Burke was born in Dublin, probably on 1 January 1729. On graduating from Trinity College, Dublin, in 1748 he studied law at the Middle Temple in London. Seeking a literary career, he published A Vindication of Natural Society (1756), a satire on rationalist philosophy, and Origin of our Ideas of the Sublime and Beautiful (1757), a treatise on aesthetics. Burke was quickly taken up by Goldsmith, Sheridan, Reynolds and other worthies, and was a founder member of Samuel Johnson's Club. In 1758 he was invited to edit the first Annual Register and continued to do so for almost twenty years.

In 1761 Burke became private secretary to the chief secretary in Ireland, W. G. Hamilton. After a breach with Hamilton in 1765, he became private secretary to Lord Rockingham, who briefly headed a Whig administration at Westminster. He entered parliament in 1766 as MP for Wendover and later sat for Bristol - losing that seat for insisting that he was a representative of his constituents and not their delegate - and Malton.

Burke had a distinguished parliamentary career, raising the standard of debate and fostering the party system. He took the lead in impeaching Warren Hastings, the former governor-general of India, in 1787. Though he never held a major office of state, his views have influenced politicians for two centuries.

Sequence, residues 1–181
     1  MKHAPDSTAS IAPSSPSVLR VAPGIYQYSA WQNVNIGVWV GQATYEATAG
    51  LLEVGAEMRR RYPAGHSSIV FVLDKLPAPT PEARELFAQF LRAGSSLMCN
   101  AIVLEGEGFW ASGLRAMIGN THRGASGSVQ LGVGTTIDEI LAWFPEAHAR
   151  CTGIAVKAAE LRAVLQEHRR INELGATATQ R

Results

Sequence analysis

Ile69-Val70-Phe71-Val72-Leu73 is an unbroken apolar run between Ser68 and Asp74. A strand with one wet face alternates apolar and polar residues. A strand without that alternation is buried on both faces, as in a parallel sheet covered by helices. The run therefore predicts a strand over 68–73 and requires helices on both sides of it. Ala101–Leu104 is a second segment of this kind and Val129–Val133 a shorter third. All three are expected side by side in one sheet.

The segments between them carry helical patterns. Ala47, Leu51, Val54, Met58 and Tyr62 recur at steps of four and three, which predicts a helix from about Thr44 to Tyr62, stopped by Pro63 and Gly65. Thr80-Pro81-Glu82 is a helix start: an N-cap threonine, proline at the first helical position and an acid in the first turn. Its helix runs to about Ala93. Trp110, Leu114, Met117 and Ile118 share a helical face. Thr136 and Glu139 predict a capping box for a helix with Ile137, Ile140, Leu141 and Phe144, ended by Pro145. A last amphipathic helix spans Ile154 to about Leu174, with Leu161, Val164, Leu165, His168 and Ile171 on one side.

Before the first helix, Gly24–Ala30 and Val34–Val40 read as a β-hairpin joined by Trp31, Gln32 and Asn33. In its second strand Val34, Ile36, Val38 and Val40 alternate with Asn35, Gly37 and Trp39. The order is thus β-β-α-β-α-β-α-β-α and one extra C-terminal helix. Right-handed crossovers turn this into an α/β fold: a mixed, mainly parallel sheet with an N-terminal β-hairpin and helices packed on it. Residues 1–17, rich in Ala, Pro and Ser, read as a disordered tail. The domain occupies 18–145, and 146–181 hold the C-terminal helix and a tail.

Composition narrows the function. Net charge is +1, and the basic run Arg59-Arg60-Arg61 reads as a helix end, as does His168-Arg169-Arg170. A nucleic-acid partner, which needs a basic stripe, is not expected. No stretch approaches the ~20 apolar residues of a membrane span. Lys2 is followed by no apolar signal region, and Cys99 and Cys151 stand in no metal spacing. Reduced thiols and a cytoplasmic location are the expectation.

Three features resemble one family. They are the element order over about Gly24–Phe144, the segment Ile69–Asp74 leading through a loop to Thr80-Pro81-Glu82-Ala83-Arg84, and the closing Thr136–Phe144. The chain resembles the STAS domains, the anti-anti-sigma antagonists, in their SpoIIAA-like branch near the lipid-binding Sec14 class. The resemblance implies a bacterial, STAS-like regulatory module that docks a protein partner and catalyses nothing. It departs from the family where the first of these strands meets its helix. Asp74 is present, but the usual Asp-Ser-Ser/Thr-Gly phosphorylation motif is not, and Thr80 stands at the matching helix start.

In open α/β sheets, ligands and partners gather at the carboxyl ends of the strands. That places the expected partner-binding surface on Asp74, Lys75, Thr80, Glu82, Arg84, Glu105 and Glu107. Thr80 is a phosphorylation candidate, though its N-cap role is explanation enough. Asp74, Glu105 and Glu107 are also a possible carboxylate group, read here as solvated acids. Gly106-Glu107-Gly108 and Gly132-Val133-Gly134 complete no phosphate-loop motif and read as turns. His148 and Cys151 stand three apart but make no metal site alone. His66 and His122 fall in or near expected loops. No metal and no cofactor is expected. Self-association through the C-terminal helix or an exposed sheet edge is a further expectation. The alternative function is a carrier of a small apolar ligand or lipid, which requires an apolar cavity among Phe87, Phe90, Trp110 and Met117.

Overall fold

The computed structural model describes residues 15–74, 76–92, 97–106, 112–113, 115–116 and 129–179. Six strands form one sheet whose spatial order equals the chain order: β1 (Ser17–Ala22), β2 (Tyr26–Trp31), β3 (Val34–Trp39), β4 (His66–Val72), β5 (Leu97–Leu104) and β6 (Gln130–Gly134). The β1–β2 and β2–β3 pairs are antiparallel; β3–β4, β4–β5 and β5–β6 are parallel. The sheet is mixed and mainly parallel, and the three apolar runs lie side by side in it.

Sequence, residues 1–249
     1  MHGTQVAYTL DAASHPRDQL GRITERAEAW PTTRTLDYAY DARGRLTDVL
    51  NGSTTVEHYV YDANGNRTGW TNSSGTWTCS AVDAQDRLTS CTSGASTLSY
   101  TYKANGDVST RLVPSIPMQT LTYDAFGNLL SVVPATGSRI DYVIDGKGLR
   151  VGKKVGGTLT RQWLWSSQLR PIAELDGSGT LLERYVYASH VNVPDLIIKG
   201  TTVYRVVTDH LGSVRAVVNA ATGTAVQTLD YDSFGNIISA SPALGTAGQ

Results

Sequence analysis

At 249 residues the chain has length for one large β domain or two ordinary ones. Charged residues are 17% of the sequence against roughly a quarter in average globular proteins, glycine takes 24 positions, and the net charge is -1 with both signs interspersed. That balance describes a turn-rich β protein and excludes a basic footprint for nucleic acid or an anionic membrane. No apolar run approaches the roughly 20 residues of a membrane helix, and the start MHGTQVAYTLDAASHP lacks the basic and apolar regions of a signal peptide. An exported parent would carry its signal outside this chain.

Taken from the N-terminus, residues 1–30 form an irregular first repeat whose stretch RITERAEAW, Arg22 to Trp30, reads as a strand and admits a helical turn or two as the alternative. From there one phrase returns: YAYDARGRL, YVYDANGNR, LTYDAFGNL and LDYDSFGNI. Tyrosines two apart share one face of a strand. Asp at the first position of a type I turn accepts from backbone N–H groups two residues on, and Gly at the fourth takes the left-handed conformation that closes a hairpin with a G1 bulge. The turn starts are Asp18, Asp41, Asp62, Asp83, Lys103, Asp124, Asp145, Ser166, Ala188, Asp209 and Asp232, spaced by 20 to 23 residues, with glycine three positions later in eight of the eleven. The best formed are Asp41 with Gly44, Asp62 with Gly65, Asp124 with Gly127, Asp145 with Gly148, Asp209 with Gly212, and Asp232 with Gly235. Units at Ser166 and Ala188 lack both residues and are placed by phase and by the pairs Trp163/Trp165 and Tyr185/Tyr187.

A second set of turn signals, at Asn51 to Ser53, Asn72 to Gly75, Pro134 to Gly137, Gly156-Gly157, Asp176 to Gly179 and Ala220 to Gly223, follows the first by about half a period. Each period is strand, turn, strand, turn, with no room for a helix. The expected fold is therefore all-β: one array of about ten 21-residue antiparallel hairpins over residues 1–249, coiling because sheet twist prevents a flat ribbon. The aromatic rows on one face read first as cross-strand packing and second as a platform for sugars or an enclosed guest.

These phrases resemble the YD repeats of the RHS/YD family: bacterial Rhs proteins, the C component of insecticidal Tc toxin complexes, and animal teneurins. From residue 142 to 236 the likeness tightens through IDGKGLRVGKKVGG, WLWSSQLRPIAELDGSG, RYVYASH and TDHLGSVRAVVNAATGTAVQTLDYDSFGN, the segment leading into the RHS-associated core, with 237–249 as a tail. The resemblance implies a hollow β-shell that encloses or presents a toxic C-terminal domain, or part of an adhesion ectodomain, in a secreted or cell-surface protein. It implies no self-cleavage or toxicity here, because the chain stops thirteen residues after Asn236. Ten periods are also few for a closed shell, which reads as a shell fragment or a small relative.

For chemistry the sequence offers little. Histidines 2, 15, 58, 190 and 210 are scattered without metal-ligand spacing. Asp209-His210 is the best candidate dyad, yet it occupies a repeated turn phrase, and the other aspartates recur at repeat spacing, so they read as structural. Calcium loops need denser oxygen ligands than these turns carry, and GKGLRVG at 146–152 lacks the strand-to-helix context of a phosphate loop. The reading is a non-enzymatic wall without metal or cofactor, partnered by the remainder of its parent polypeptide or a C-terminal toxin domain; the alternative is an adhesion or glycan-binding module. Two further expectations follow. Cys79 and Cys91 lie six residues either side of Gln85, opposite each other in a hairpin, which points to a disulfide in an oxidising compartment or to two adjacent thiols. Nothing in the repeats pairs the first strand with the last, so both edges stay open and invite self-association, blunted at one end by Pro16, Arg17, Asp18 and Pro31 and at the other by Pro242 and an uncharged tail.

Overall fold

Burke was also an active pamphleteer. Thoughts on the Cause of the Present Discontents (1770) challenged George III's misuse of his powers; Burke then contributed to the debate on America in Conciliation with the Colonies (1775) and Letter to the Sheriffs of Bristol (1777). Having vainly urged a conciliatory approach in America, Burke argued that the government should not repeat its mistakes in Ireland. A Letter to a Peer of Ireland (1782) criticised the penal laws against Roman Catholics, and his Letter to Sir Hercules Langrishe (1792) called for Catholic emancipation.

Burke's best-known work is Reflections on the Revolution in France (1790), in which he foresaw the dangers which events in France posed to the ordered liberty of England. His views led to a breach with Whig friends, such as Sheridan and Charles James Fox, and to Thomas Paine's famous reply, Rights of Man (1792). Burke retired from parliament in 1794 and died at Beaconsfield, in Buckinghamshire, on 9 July 1797.